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Tackling produce safety with oregano, eucalyptus oil


December 15, 2015
By Investigación y Desarrollo

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December 15, 2015 – Researchers at the National University of Mexico (UNAM) have demonstrated the anti-fungal invitro activity of the essential oil of oregano and eucalyptus in a vapor phase, which have already proven effective in controlling fungi that cause diseases in fruits and vegetables.

So far, they have controlled the fungus Botrytis cinerea, Fusarium sp. and Colletotrichum sp., which cause diseases in strawberry, raspberry, mango, papaya, tomatoes and zucchini, among others, as well as causing up to 45 per cent of economic losses.

Dr. Andrea Trejo, head of research, explains that the eucalyptus has already been tested against fungi from the raspberry, and oregano has been evaluated in papaya, cucumber, squash, mango and tomato, the results for both have been optimal.

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Another proposal of the research, conducted at the Laboratory of Postharvest Plant Products, is to design a model of active packaging that incorporates the antifungal compound in bioactive compounds on fruits and vegetables to keep them fresh for as long as possible.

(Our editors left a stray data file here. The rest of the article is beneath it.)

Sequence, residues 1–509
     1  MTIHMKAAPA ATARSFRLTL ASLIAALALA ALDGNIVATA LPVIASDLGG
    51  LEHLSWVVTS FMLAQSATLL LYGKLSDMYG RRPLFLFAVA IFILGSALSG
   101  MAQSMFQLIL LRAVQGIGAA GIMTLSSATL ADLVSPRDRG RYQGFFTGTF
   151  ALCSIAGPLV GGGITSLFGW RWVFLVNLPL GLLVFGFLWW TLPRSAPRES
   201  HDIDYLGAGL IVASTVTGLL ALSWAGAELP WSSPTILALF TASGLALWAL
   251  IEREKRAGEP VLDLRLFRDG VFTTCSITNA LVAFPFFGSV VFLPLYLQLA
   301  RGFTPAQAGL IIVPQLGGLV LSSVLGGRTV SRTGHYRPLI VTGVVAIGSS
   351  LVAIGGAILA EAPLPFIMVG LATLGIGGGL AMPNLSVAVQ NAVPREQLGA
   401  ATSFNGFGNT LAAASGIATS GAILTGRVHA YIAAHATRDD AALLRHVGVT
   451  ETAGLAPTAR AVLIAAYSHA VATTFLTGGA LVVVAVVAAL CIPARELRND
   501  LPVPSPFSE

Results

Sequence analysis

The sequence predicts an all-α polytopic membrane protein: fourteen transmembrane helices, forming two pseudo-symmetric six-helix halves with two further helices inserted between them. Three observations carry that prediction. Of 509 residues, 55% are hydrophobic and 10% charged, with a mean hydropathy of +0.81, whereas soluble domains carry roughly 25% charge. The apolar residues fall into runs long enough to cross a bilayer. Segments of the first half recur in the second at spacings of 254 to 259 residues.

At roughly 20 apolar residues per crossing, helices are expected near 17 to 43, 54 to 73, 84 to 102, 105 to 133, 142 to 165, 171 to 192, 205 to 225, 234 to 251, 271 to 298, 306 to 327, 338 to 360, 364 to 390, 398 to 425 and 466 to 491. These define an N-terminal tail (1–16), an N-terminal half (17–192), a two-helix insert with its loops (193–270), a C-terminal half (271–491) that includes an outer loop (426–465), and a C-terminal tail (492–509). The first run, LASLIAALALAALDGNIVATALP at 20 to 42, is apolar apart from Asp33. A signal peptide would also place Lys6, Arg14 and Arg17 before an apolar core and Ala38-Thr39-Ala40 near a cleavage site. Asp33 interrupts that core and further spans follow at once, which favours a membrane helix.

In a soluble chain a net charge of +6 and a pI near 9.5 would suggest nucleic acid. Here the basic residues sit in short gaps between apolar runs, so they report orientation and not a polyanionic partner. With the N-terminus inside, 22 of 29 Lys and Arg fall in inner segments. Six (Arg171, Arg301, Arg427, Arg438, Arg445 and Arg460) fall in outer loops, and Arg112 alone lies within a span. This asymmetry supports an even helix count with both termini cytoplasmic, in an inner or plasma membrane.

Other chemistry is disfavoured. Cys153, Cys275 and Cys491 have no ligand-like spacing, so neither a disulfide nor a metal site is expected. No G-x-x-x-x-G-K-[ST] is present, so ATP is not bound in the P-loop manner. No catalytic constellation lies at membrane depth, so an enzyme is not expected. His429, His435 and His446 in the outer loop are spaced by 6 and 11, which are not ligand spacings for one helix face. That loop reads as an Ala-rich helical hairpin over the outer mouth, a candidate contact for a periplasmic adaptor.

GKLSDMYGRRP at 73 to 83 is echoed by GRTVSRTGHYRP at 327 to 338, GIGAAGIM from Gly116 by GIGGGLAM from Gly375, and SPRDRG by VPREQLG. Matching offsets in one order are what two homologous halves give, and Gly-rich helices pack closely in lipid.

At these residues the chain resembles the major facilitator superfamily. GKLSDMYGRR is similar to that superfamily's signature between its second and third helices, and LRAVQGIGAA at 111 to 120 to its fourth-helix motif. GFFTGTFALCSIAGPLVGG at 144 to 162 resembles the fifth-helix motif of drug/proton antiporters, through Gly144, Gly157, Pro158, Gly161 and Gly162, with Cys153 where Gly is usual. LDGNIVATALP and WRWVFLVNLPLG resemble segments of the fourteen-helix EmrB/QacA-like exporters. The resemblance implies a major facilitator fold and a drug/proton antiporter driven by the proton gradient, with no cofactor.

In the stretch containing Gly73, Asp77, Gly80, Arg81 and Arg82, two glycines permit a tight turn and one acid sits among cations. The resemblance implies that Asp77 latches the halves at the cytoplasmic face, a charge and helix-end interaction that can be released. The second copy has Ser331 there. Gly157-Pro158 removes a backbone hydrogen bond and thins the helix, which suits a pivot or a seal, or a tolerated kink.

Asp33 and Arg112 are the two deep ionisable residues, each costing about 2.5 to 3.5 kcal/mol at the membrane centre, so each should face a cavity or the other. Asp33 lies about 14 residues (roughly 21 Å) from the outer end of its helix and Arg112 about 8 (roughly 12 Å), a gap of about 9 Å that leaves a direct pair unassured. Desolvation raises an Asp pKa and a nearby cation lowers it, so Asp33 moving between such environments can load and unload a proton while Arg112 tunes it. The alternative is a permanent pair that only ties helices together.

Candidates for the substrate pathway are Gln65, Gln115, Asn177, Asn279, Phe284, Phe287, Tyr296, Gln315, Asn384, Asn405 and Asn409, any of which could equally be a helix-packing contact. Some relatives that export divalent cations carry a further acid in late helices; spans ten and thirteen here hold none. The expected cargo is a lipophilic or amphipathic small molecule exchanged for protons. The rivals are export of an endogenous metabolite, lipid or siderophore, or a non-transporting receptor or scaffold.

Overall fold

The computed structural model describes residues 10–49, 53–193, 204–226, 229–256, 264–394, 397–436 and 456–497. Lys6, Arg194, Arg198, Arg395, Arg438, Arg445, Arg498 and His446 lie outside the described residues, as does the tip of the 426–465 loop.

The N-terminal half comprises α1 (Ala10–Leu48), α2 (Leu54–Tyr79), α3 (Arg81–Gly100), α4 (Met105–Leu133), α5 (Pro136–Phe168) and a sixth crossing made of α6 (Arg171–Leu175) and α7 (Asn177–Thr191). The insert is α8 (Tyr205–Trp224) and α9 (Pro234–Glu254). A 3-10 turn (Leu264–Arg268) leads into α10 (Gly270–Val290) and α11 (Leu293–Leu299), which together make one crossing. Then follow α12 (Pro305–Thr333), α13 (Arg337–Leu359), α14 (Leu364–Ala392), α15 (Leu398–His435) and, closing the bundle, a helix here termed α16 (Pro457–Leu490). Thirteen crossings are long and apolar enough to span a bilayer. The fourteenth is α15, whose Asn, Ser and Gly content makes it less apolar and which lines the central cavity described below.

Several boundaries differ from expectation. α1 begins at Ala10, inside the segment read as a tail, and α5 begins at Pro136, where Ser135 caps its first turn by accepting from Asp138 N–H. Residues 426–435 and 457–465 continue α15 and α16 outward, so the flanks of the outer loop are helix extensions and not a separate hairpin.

The active package developed by the university allows the controlled release of antifungal agents contained in essential oils to control disease causing fungi during storage of fruits and vegetables.

“From the encapsulation of these compounds we are looking to have a controlled release to avoid the presence of microorganisms in the fruits and vegetables,” says Dr. Trejo. ”However, it will only be effective if attacked by the fungus the essential oils work against.”

The specialist ensures that active packaging technology can provide safe food and extend its life. The incorporation of certain additives to the packaging material maintains its quality, safety and sensory properties without directly adding active agents in the product.

“The idea is that the packaging materials incorporate the antimicrobial agent as an additional protective barrier. It is a method of preservation, which extends its life and reduces the risk of transmitting pathogens to food.”

Currently, researchers are in the process of evaluating applications for different plant products and observing the sensory part. Despite the bioactive compounds not being in direct contact with the product, they are volatile and could affect the flavour. They are also preparing the patent and its technology transference.